From this research, we can glean that autistic children who participate in ABA therapy at Hopebridge are highly likely to succeed in classroom settings. If all autistic children had this level of support for the reduction of challenging behaviors (e.g. self-injurious behaviors), as well as the targeted programming concerning the acquisition of foundational, communication and social skills, we would anticipate more children to have the skills necessary to attend and progress in school.

Clinical Leadership

Adam Hahs, PhD, BCBA-D | Chief Science Officer

Adam Hahs, PhD, BCBA-D | Chief Science Officer

Clinical Leadership

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Adam Hahs, PhD, BCBA-D | Chief Science Officer

Clinical Leadership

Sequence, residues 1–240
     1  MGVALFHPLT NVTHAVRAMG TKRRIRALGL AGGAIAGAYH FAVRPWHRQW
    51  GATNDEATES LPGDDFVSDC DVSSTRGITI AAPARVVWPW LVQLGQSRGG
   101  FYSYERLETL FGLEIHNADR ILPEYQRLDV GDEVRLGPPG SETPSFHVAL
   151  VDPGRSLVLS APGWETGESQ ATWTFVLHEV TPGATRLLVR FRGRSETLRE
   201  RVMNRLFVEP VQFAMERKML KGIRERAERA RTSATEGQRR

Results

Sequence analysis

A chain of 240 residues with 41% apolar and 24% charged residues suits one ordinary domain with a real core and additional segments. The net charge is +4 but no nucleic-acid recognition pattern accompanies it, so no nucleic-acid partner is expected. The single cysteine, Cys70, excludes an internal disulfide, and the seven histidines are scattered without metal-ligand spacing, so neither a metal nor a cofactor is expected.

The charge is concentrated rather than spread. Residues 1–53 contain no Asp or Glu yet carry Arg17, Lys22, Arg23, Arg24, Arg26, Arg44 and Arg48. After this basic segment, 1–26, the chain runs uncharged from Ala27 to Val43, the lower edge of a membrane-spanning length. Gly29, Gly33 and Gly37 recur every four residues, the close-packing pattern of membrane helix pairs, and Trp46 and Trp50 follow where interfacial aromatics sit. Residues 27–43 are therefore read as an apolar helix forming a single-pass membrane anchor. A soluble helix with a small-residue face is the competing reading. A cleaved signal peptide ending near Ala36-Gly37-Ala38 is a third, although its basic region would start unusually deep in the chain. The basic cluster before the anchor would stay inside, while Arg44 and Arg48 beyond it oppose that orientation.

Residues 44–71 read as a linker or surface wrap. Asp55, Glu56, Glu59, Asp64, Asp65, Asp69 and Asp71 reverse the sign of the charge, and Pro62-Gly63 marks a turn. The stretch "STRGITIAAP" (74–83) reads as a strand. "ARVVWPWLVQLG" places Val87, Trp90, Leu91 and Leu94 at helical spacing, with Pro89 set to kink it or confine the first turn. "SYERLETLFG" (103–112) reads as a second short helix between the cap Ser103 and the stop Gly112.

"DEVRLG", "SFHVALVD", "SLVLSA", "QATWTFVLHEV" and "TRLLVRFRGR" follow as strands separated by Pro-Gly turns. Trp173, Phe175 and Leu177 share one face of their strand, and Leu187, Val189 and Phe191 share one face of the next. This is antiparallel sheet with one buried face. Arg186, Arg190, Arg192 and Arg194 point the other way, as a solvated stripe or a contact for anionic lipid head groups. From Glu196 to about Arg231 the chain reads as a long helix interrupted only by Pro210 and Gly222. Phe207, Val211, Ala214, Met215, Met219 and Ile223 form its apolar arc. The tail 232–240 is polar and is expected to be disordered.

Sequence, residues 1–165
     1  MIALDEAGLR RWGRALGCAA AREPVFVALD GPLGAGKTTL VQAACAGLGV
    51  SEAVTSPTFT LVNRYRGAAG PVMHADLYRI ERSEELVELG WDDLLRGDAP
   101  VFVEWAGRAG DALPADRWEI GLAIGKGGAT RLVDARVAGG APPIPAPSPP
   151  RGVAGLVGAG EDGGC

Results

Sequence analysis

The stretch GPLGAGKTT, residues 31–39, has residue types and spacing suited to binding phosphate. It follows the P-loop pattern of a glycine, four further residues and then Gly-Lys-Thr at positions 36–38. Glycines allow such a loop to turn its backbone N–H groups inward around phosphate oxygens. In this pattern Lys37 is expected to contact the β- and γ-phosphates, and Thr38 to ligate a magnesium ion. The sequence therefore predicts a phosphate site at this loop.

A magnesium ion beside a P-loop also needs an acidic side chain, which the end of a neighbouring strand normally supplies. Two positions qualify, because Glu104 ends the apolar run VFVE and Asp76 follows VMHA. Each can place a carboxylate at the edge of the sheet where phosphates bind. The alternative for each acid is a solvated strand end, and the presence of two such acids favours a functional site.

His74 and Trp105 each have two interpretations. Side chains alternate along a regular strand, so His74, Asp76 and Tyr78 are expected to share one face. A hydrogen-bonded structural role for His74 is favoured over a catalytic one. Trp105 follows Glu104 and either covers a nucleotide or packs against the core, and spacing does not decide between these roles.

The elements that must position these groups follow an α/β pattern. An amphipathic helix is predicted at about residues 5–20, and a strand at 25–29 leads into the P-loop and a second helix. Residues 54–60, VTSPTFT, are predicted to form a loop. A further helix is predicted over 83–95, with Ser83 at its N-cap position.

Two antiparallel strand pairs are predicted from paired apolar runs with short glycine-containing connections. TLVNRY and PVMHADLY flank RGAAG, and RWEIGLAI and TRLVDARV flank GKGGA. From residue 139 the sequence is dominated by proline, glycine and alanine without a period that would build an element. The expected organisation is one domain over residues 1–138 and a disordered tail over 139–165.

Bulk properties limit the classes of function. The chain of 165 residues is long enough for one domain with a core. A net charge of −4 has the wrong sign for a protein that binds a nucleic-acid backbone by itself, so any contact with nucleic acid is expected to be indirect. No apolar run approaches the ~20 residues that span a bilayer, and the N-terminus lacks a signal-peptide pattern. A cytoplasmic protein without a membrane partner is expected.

Serving as Hopebridge’s Chief Science Officer, Dr. Adam D. Hahs is responsible for driving the company’s research initiatives and continuing to enhance the team’s leading quality of care. This includes serving on the clinical advisory board for the National Autism Data Registry (NADR), as well as providing exclusive continuing education opportunities for Hopebridge clinicians, such as SBT, ACT and PEAK training. Hahs has been fundamental in the development of one of the largest clinical supervision programs in the industry, the Hopebridge Fellowship Program, as well as leading external research initiatives in the behavioral health space. He earned his doctoral degree from Southern Illinois University-Carbondale where his where his research foci were language generativity, complex human behavior, high-risk behavior assessment/reduction, and clinical behavior analysis with individuals with autism and related developmental disabilities, traumatic brain injuries, and addiction. Hahs was a Missouri Association for Behavior Analysis Board member for three years prior to moving to Arizona, and he is former president for the Arizona Association for Behavior Analysis. He is on the Editorial Board of Behavior Analysis in Practice and serves as a guest reviewer for the Journal of Contextual Behavioral Science and Behavioral Interventions, three of the top journals with behavior analysis as a focus. Hahs has dedicated more than 10 years to supporting, educating and training others in a variety of settings via behavior analytic methods, and he views behavior analysis as science capable of facilitating widespread, societal change.